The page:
"Many times you simply can't put together the marketing campaign that will shout loud enough to get above the Hollywood films that command the market's attention," says Sam L. Grogg, dean of the American Film Institute's Center for Advanced Film and Television Studies. "What is important is the critical play and getting the attention of the film intelligentsia."
But Grogg says realists understand that even that kind of breakthrough is rare.
"You have to understand what the limitations are and use them accordingly," Grogg says. "I've always thought of the theatrical release as a launching pad for other release mediums - whether home video or cable TV. A theatrical release is still sought after, however. If you have a movie, you want to have it shown in front of people."
And not "Nobody."
Here's a complete look at the 20 lowest-grossing films of 1999, according to Exhibitor Relations:
1. "Nobody" (Phaedra) -- $488 2. "Bastards" (Margin) -- $503 3. "Tinseltown" (MGM) -- $517 4. "Summerspell" (Margin) -- $603 5. "Olympia" (King) -- $640 6. "Port Djema" (Shadow) -- $783 7. "The Underground Comedy Movie" (Phaedra) -- $856 8. "Flushed" (1st Look) -- $935 9. "The Milky Way" (Kino) -- $1,098 10. "Wallowitch & Ross: This Moment" (1st Run) -- $1,145 11. "Elvis Gratton 2" (Lion's Gate) -- $1,156 12. "Lilian's Story" (Phaedra) -- $1,220 13. "I Want You" (Gramercy) -- $1,242 14. "Terror Firmer" (Troma) -- $1,434 15. "Sixth Happiness" (Regent) -- $1,540 16. "Virtue" (Margin) -- $1,565 17. "Young and Dangerous" (Margin) -- $1,624 18. "The Pusher" (1st Run) - $1,656 19. "Pink Narcissus" (Strand) -- $1,724 20. "Heaven" (Miramax) -- $1,983
After catching her live-in boyfriend in a compromising position Amanda sets out to find a new place to live. She ends up rooming with four supermodels (Shalom Harlow Ivana Milicevic Sarah O'Hare and Tomiko Fraser) whose apartment has a great view -- especially of Jim the "perfect guy" across the way. When Amanda in a "Rear Window"- type scenario witnesses Jim committing what she thinks is a murder she sets out to prove that he did it. However to her surprise she ends up falling head over heels (literally a lot of the time) for him instead.
The chemistry between Prinze and Potter is near perfect. Potter does a great job of playing a klutzy girl who can't seem to stay on her feet long enough to have a conversation with Jim. But then again who could? Prinze exudes his usual charm and winning smile while at the same time showing great comic timing. The more pivotal moments with the four models who are "struggling " as they like to say are well done and surprisingly hysterical. Who needs a drama when you can have four models who are actually funny?
Director Mark S. Waters and Prinze Jr. are together again after their 1997 film "The House of Yes." "Head Over Heels" is a cross between "Fatal Attraction " "An Officer and a Gentleman" and "There's Something About Mary " which means it's a bit muddled in its direction. Waters tries a little too hard for the shock value while at the same time trying to convey romantic comedy elements almost overshadowing the performances of the actors. But hey then again we get to see supermodels covered in poop. Priceless. Still the fairly clever and darker script plus the winning chemistry between the lead actors makes it worthwhile.
Director John Woo has left Sony and signed a three-year movie and TV deal with MGM, according to Entertainment Weekly Online.
Woo didn't end up making any films with his resident studio, planning two other projects instead with MGM. The projects include "Wind Talkers," starring Nicolas Cage. For now, Woo's got another action flick on his plate: "Mission: Impossible 2," starring Tom Cruise, opens this summer.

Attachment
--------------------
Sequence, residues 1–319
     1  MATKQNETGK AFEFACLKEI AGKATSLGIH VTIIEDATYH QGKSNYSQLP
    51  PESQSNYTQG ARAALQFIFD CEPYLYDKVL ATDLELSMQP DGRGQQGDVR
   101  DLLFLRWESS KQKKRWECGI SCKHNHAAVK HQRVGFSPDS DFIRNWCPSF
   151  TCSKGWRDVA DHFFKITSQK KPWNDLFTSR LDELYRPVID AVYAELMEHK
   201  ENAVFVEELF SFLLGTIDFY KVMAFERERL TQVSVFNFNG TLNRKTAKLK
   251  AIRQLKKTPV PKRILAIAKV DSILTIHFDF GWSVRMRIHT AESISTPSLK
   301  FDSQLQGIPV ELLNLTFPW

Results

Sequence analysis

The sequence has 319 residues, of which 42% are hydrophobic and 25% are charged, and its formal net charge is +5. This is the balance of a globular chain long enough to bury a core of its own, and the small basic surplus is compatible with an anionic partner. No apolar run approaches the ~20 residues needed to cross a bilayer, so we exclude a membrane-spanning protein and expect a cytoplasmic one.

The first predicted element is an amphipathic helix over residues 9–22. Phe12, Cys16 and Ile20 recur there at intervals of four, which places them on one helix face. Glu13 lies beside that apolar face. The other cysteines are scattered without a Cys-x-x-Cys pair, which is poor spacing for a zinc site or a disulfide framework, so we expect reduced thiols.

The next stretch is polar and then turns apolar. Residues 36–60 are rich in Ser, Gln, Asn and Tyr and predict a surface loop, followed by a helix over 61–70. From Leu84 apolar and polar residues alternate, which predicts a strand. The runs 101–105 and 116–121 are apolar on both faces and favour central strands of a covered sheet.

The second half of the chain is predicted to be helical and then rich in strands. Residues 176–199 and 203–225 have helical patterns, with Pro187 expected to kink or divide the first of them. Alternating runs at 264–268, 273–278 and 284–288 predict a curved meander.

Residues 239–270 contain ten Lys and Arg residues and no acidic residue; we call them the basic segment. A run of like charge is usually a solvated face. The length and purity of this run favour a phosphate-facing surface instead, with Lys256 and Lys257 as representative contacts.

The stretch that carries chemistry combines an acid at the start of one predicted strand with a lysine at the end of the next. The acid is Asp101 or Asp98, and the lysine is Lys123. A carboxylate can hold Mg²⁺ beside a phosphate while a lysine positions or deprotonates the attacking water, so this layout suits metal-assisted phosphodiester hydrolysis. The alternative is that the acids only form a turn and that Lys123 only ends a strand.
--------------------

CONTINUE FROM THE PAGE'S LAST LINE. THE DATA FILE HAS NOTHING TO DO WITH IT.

SECRET AGENT MAN: John Dahl, who directed the noirish Matt Damon poker pic "Rounders," is in talks with Mandalay Pictures to direct "End Game," a spy flick starring Sean Connery, reports Daily Variety. Written by Adi Hassock and Stuart Kelban, Connery will play an old-fashioned CIA agent who goes on a special undercover assignment to expose illegal arms dealing. In the process, he discovers that he's been set up to take the fall in a conspiracy. Connery then teams up with a young counterpart to prove his innocence.
LET'S HOPE IT'S TEMPORARY: "Cruel Intentions" director Roger Kumble is in final talks to helm Columbia Pictures' romantic comedy "Screenplay Without a Title Yet." The story follows a club-hopping hipster who believes she's finally met her soulmate. The next morning at a wedding party, she is horrified to find that he's the groom. According to Variety, "Screenplay" was purchased for $1.5 million from "South Park" staff writer Nancy Pimental.
WHAT, NO FOUL-MOUTHED ANGELS?: As if he's just asking for "Dogma"-like religious controversy, "King of the Hill" creator Mike Judge will direct "Messiah Complex," a comedy about a pious college student who starts to believe he was cloned from the Shroud of Turin. No word on whether Beavis and Butthead will co-star.
SPELLING BEE: Catherine Zeta-Jones, who's been a busy bride-to-be lately, is in talks to star in "Traffic," a film that looks at the high-revenue industry of drug trafficking. According to EW Online, the film is based on the acclaimed British miniseries "Traffik," but American studios had to change the title. But we're still afraid moviegoers will think it's a film about the Los Angelesfreeways.
REAL TRAFFIC: Jamie Foxx, fresh from his success in "Any Given Sunday," will star in "National Security," a buddy-cop comedy. Foxx will play a man beaten by a white cop, who then teams up with the officer wrongly accused of the beating.
ADDITIONS: Liev Schreiber, a recent Golden Globe nominee for the cable film "RKO 281," will join the cast of "Pay it Forward," starring Kevin Spacey, Helen Hunt and Haley Joel Osment... Tim Guinee ("Blade") has been added to Dimension Films' "Impostor," whichstars Gary Sinise and Madeleine Stowe ... Lisa Thornhill ("Ally McBeal") has been tapped to co-star with Nicolas Cage in "Family Man," to be directed by Brett Ratner ("Rush Hour") ... Alexandra Paul ("Baywatch") will co-star with Ron Silver in the independent film "Exposure," to be film in NewZealand.